Streamline and document schedule changes

Have you ever built a beautiful project schedule, only to have a customer request or construction delay put a wrench in your plan? It happens.

Adding dependencies to tasks can speed up schedule adjustments and ensure work continues to happen in the right order. If you move one task on the schedule, all the dependent tasks move right along with it.

Of course, if your construction timeline changes, you’ll need to communicate the new plan to your subcontractors and customers. Post updates and attach change orders to your project’s discussion tab so nothing gets lost in the mix. 

Example of a task comment communicating a change in the construction schedule due to a supply delay

With TeamGantt’s mobile app, field crews can pull up the latest schedule and get notified of changes in real time, no matter where they’re hard at work. 

Communicate and track punch list items

The final stretch of any construction project plan is full of little details as you work to knock out the punch list. Here’s an example of how you can use task subgroups in TeamGantt to keep track of all the moving pieces.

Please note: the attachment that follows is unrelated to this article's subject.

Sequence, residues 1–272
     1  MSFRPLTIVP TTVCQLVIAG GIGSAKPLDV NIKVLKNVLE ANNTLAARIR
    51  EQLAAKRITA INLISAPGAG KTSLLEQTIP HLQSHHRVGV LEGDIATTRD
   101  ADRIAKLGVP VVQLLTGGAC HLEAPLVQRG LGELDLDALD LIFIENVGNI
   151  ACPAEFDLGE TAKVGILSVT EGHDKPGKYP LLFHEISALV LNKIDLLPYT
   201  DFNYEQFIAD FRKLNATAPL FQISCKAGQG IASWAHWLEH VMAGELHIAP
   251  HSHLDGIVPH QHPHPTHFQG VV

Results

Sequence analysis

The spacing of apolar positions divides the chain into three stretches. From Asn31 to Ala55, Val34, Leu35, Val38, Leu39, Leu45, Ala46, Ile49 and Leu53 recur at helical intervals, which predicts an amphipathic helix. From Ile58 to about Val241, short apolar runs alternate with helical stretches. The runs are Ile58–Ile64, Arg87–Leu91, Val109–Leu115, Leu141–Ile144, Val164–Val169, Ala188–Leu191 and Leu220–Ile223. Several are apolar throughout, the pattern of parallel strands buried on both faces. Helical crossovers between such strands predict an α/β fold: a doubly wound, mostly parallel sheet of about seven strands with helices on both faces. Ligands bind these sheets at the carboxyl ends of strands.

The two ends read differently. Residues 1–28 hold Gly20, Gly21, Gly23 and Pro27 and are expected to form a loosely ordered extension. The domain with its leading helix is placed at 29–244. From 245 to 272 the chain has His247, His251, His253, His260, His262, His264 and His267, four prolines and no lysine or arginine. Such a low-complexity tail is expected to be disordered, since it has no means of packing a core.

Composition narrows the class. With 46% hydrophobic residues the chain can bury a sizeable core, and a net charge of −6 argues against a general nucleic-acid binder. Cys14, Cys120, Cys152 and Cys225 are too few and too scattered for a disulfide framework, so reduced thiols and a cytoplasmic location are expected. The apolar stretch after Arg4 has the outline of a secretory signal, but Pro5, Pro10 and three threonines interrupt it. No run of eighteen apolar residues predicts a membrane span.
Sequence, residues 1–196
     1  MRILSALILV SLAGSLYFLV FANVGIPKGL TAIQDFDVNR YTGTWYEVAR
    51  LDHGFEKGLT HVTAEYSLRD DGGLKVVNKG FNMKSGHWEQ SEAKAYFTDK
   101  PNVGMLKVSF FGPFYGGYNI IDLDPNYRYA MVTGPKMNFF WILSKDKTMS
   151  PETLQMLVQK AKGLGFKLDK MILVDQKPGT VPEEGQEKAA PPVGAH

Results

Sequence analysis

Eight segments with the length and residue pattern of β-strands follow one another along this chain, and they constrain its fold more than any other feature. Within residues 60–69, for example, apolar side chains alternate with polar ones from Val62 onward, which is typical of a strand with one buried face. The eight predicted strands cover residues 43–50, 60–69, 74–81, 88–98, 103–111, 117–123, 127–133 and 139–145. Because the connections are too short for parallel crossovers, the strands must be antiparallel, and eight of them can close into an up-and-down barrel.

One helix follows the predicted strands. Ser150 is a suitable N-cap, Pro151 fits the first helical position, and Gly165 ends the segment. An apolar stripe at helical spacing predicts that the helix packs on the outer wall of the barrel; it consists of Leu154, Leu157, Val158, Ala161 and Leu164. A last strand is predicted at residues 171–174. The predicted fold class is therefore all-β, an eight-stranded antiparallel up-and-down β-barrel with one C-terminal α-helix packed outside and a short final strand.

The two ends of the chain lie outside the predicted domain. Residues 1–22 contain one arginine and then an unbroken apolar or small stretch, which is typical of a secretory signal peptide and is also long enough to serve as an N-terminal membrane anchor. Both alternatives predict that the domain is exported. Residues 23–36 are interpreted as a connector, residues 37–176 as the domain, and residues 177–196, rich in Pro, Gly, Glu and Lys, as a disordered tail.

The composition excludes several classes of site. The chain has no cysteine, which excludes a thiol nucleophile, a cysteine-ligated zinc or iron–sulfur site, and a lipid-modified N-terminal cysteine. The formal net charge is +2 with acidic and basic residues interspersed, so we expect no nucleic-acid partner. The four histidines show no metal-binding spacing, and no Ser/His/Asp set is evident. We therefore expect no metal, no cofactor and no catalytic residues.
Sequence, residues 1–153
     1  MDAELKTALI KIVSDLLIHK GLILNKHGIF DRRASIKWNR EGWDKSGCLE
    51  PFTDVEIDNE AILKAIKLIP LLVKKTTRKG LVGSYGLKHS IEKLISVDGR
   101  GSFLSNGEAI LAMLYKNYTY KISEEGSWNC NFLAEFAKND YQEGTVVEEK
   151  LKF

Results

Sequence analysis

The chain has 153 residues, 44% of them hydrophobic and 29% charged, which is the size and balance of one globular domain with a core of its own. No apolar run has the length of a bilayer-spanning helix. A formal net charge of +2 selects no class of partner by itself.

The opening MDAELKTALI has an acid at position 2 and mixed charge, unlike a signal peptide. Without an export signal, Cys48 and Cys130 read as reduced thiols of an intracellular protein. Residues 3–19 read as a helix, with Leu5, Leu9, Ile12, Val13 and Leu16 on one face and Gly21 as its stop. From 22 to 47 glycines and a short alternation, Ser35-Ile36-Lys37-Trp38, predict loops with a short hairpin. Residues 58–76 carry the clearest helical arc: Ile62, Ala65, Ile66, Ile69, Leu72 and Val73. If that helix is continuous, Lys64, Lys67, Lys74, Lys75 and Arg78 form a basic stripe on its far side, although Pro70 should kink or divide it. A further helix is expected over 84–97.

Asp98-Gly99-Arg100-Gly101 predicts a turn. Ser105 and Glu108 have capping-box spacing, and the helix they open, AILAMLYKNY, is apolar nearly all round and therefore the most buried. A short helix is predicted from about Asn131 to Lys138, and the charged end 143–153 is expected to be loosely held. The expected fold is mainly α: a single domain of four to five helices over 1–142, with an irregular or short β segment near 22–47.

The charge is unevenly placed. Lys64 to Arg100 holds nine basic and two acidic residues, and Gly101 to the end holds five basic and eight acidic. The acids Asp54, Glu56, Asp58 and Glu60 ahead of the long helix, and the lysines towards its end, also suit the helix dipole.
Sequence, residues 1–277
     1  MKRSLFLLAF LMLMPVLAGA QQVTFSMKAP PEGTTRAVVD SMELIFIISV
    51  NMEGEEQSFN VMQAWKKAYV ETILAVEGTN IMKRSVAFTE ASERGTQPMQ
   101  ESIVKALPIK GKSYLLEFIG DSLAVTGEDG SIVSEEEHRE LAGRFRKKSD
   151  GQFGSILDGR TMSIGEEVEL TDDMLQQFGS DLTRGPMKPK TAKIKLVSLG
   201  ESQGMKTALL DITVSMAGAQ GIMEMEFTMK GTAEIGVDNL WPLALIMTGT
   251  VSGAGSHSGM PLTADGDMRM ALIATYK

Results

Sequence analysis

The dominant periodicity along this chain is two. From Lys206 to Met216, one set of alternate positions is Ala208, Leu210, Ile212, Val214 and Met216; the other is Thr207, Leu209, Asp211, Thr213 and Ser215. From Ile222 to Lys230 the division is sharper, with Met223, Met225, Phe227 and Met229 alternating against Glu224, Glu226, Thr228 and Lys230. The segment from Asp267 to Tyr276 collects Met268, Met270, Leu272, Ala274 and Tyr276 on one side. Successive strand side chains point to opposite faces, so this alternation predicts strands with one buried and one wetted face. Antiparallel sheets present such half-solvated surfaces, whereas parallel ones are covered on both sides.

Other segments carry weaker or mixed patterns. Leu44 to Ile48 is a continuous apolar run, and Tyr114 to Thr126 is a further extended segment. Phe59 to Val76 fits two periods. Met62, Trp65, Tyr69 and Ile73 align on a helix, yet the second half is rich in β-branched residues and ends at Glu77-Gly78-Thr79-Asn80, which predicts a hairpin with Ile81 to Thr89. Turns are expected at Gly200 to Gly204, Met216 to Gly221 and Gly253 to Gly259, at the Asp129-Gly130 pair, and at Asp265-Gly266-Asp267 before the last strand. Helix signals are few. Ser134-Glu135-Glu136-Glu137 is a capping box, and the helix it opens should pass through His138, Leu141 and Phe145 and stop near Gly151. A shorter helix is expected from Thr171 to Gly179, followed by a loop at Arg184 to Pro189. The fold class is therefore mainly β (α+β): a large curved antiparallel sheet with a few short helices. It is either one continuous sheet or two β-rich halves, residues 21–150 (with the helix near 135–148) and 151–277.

Example of gantt chart tasks for scheduling and tracking construction punch list items

Simply add each fix as a task under your “Punch list” subgroup, and assign punch list items to the person responsible to avoid confusion about who’s doing what. You can even color-code punch list tasks by subcontractor. 

If subcontractors and field crews don’t have access to your construction gantt chart, use our Excel construction punch list template to share and track outstanding items.

Gather and manage closeout documents

Keeping up with all the closeout documents you’ll need to wrap up a construction job is no simple feat. It can take a lot of time and wrangling. 

TeamGantt makes it easy to store and manage construction closeout documents in a single, centralized hub. Upload a digital copy of each closeout doc to your construction project’s closeout task in your gantt chart—or create a subgroup with an itemized task for each closeout item—so all your paperwork is organized and accessible in one place.

Example of various construction closeout documents uploaded to a task

Create your next construction schedule in TeamGantt for free!

Ready to plan a construction project of your own? Save time building your next construction schedule by using our free in-app template.

TeamGantt takes the sweat out of construction planning, scheduling, and management. And because everything happens online in real time, chasing down updates will finally be a thing of the past. 

Your team and subcontractors can even use TeamGantt’s mobile app to log their progress out in the field so you always know where your project stands. 

Sign up for a free TeamGantt account today, and get started quickly with our free construction plan template!